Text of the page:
Also, there are instances when circumstances beyond ones control are the cause for not being able to make a mortgage payment, even if they were financially capable. I know of one instance where a painter fell from a ladder, became disabled, obviously he could no longer work and lost his home.
    Another was when yet another painter who lives in a rural area and who also was qualified financially to buy his home but because of the increase of gas and food and other items people could not afford to have their homes painted, and those condos that were sprouting out like weeds by those greedy people could not be finished and were left as is. Jobs for him were slim pickings. His hours dwindled from 40+ to 10 -15 hours a week, and because he lived in a small town, there just were no other jobs around. He took what ever jobs were available but that caused him to be late in payments, and when he called the mortgage company as soon as the situation starting getting rough, he called the lenders and they told him there was nothing he could do unless he was 3 to 4 months behind in payment. ????? He had not stopped making payments, they were late, and YET, they would send him letters of threat to him that he would lose his home and that his credit would be shot. CREDIT, really? The company was Wells Fargo, no less, the ones battling to buy Wachovia.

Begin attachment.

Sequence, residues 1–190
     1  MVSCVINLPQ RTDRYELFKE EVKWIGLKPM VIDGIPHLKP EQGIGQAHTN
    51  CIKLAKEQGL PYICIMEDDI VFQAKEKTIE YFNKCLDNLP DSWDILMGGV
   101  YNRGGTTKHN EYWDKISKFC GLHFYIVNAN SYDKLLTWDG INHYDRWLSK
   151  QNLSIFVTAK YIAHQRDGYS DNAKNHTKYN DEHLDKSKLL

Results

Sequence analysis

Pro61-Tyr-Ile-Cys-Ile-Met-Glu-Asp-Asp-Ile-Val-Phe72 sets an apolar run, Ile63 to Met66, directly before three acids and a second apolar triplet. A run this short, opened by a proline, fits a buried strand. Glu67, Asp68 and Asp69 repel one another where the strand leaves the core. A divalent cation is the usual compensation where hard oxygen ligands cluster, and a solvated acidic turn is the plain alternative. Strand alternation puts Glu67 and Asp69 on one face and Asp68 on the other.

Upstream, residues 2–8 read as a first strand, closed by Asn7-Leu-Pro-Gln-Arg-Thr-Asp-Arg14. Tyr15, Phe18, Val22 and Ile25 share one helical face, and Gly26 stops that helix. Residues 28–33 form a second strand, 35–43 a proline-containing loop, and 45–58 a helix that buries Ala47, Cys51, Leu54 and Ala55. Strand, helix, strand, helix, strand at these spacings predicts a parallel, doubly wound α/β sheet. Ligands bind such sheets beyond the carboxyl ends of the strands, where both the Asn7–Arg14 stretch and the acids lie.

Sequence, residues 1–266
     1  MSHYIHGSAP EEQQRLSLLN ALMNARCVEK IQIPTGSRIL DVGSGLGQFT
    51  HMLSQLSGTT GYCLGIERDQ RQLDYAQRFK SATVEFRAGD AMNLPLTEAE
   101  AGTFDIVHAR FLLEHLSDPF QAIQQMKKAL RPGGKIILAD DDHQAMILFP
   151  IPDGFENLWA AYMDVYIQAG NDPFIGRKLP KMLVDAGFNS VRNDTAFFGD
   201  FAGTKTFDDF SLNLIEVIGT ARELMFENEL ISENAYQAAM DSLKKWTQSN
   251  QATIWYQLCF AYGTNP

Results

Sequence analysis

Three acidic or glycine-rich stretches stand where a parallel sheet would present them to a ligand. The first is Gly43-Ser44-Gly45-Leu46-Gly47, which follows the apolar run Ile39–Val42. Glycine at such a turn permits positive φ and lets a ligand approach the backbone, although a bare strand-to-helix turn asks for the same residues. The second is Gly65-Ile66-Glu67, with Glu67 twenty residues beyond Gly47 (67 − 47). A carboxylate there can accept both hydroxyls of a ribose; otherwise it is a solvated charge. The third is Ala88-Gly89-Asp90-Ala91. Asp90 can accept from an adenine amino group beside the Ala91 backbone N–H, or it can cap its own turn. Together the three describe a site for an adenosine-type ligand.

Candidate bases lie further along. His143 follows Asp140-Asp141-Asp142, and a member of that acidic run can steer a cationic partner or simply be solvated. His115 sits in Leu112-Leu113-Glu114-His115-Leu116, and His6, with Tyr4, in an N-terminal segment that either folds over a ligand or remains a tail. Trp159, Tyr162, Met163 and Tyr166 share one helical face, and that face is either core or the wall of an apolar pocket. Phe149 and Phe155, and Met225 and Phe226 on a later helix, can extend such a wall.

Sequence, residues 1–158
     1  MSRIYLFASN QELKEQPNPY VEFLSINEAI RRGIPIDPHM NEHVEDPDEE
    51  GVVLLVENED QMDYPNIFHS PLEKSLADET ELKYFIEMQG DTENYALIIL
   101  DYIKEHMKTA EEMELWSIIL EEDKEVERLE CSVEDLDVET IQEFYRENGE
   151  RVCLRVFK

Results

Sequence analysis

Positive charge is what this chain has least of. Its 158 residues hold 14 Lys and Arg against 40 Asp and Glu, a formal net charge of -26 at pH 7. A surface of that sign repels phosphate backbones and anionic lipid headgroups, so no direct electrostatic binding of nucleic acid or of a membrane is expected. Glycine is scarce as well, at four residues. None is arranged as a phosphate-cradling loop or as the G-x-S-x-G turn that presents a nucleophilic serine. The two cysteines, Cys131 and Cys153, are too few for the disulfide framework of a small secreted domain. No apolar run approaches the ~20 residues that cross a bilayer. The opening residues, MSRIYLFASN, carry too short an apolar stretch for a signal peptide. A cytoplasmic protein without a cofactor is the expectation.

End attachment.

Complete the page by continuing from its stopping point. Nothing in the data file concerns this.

My point, it is NOT just those living beyond their means are being affected, unfortunately.

  3. Tim Manni Says: October 7th, 2008 at 12:14 pm

    Alex,

    Thanks for commenting, you’ve made some really great points. Lenders do hold a lot of responsibility, they issued the loan, it’s up to them to do the research on the borrower to determine if they’re qualified.

    Small, rural town has be greatly affected by the foreclosure and housing crisis. That’s one of the main reasons the gov decided to include a $25 billion assistance to the US “big 3″ automakers — Ford, GM, and Chrysler. There are so many small towns that survive solely on the factories that produce just one car part. Point being, small towns as you pointed out are just as stuck, if not more, than anyone else.

    Thanks for reading, great comment.

Leave a Comment

Receive Updates via Email

Delivered by FeedBurner

About the HSH Blog

HSH.com's daily blog focuses on the latest developments in the mortgage and housing markets. Our mission is to relate how changes in mortgage rates and housing policy, as well as the latest financial news, impacts consumers, homebuyers and industry insiders alike. Our 30-plus years of experience in the mortgage industry gives us an edge as we break down the latest changes in an ever-changing market.

Our bloggers:

Tim Manni

Tim Manni is the Managing Editor of HSH.com and the author of their daily blog, which concentrates on the latest developments in the mortgage and housing markets.

Connect With Us

  • rss feed icon
  • facebook icon
  • twitter icon

Compare Lowest Mortgage Rates

$